The Cell is presented on a dual-layer 50GB Blu-ray with a MPEG-4 AVC encode and a 2.40:1 1080p transfer.
This Blu-ray features an English DTS-HD Master Audio 5.1 soundtrack along with a slew of additional audio tracks and comes with optional English SDH, French, Spanish, Japanese, German SDH, Dutch and Italian SDH subtitles.
Extras here are ported over from the previous DVD release and include:
Audio Commentary with director Tarsem Singh – Super commentary track…if you can keep up with Tarsem’s pace. He talks fast and he goes over things with spectacular speed. It’s a lot of information, a ton of it, and in many ways it’s the type of commentary track you have to listen to multiple times to pick up all of its nuances and intricacies.
Audio Commentary with director of photography Paul Laufer, production designer Tom Loden, makeup supervisor Michèle Burke, costume designer April Napier, visual effects supervisor Kevin Tod Haug and composer Howard Shore – Another solid commentary track (even if the participants were recorded separately), each talking about the different technical aspects of the film and what it was they were tasked to bringing to the production by the director. Fascinating.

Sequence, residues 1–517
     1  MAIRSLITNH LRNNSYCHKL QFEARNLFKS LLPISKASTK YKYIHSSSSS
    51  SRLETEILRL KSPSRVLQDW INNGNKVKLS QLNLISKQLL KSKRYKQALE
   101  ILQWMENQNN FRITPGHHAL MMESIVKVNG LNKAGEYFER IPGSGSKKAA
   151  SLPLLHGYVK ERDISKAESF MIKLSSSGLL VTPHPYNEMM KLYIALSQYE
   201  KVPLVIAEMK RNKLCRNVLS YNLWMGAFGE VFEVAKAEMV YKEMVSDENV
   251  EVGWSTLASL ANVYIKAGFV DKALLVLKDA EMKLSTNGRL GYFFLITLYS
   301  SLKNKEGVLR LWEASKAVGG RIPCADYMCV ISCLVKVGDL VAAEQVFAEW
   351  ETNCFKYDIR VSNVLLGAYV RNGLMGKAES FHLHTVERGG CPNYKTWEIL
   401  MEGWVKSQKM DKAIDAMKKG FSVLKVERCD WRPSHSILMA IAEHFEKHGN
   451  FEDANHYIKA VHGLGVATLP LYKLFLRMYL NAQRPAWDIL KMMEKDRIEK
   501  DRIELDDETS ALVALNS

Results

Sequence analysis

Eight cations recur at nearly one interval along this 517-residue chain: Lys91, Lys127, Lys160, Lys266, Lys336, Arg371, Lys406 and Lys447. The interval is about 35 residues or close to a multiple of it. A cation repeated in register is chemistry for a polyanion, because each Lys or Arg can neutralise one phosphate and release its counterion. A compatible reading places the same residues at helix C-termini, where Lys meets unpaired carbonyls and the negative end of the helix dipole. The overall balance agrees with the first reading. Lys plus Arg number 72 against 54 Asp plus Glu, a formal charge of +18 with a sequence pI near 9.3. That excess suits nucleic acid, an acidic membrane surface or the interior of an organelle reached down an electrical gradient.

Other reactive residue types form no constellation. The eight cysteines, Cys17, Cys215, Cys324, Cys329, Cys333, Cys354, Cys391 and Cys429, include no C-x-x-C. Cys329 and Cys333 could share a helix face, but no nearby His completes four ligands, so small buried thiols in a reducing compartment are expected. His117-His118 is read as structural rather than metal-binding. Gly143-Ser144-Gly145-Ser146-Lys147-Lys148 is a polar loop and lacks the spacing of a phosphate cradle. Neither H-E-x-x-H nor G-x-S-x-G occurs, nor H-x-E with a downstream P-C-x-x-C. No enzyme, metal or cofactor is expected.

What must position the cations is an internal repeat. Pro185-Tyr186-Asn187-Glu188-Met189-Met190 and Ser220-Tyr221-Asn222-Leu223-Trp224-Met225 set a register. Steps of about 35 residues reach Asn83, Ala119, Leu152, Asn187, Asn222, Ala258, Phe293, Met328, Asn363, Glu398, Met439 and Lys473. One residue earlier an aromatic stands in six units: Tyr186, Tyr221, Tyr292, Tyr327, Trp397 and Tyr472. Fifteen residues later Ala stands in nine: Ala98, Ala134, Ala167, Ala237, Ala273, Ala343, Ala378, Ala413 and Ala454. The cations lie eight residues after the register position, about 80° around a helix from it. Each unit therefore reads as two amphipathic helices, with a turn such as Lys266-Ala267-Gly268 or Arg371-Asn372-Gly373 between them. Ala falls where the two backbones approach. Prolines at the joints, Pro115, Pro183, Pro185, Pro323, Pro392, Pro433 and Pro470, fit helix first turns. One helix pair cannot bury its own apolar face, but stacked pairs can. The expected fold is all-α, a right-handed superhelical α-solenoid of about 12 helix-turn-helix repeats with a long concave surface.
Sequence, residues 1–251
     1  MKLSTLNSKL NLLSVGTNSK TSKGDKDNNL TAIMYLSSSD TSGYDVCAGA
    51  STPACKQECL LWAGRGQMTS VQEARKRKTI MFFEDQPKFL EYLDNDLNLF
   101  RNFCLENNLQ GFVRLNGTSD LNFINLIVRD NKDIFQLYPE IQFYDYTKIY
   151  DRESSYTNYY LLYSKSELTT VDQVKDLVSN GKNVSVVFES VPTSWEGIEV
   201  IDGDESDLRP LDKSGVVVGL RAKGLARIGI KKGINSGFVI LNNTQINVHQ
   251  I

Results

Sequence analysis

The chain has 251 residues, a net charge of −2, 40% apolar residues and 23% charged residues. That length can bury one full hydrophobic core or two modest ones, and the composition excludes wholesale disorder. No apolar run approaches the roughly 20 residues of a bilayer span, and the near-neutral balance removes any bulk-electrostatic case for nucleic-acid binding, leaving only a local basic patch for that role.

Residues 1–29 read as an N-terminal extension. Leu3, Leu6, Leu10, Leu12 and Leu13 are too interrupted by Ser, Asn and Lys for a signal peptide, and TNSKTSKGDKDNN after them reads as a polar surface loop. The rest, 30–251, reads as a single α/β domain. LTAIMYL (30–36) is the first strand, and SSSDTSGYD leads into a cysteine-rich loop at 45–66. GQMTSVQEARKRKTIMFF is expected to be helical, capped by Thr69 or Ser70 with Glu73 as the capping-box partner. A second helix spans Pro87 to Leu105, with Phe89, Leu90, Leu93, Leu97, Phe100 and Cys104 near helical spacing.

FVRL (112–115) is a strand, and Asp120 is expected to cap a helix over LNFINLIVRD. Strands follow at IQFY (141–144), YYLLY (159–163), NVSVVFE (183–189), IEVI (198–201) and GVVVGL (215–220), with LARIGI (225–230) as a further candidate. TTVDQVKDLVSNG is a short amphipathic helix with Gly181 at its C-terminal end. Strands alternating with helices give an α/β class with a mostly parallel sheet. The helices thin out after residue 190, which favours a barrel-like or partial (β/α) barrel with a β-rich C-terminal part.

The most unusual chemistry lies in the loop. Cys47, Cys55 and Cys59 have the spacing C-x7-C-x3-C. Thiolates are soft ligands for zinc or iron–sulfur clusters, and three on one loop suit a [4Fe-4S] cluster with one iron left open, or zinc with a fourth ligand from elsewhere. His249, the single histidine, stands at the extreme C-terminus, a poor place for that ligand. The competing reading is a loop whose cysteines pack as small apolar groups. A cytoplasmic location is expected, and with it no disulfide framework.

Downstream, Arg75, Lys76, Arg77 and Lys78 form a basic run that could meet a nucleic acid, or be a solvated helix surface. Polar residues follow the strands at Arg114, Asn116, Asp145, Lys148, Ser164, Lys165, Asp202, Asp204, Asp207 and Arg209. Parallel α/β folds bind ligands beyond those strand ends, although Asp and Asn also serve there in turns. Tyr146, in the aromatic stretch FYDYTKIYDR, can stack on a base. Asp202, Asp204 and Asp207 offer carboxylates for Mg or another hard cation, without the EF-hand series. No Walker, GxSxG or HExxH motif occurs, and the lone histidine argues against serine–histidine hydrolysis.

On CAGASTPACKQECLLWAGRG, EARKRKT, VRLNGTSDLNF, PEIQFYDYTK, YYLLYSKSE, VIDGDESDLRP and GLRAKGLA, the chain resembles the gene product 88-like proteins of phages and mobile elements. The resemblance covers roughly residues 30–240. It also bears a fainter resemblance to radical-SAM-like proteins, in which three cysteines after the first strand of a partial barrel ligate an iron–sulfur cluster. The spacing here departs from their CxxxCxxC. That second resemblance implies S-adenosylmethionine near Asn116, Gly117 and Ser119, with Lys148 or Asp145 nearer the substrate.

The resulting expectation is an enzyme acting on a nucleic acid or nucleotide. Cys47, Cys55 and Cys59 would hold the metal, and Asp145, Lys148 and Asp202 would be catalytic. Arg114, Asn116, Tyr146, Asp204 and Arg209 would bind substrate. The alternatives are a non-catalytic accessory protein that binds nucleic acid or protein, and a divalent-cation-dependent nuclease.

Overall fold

Style as Substance: Reflections on Tarsem (11:51) – Solid, if not particularly incredible, vintage EPK-style featurette featuring cast and crew interviews most revolving around just how fantastic a “vision” the director Tarsem Singh has and how he spun the script into an entirely unforeseen direction.
Deleted Scenes with optional commentary with director Tarsem Singh – Sensational collection of deleted material, including the highly controversial (at least, controversial as far as the MPAA was concerned) “Extended Carl with Victim” scene kept out of the domestic cut of the film but included everywhere else in the world where The Cell was released.
– Trapped in the Cell (1:04)
– Despair in the Cell (00:43)
– Extended Raid (3:30)
– Early Exit (1:55)
– Novak and Ramsey (1:32)
– Stargher’s Room (3:26)
– Extended Confrontation with Carl (9:56)
– Extended Carl with Victim (3:36)
Special Effects with Multi-Angle Vignettes – There’s an error in the first selection, “The Hoist.” See if you can catch it.
– The Hoist (9:43)
– First Entry (17:00)
– Second Entry (18:47)
– Novak’s Entry (11:25)
– Catherine’s World (9:56)
– Edward’s World (3:54)
– Original Theatrical Trailer (1:23)
– International Theatrical Trailer (1:20)
The Cell is a wonderful introduction to director Tarsem Singh, and even if the movie itself isn’t as great as some might lead you to believe it’s still a fascinating descent into a surreal dreamscape unique in and of itself. Warner’s Blu-ray presentation is glorious, fans of the film certain to be delighted even if all the extras are ported over from previous releases.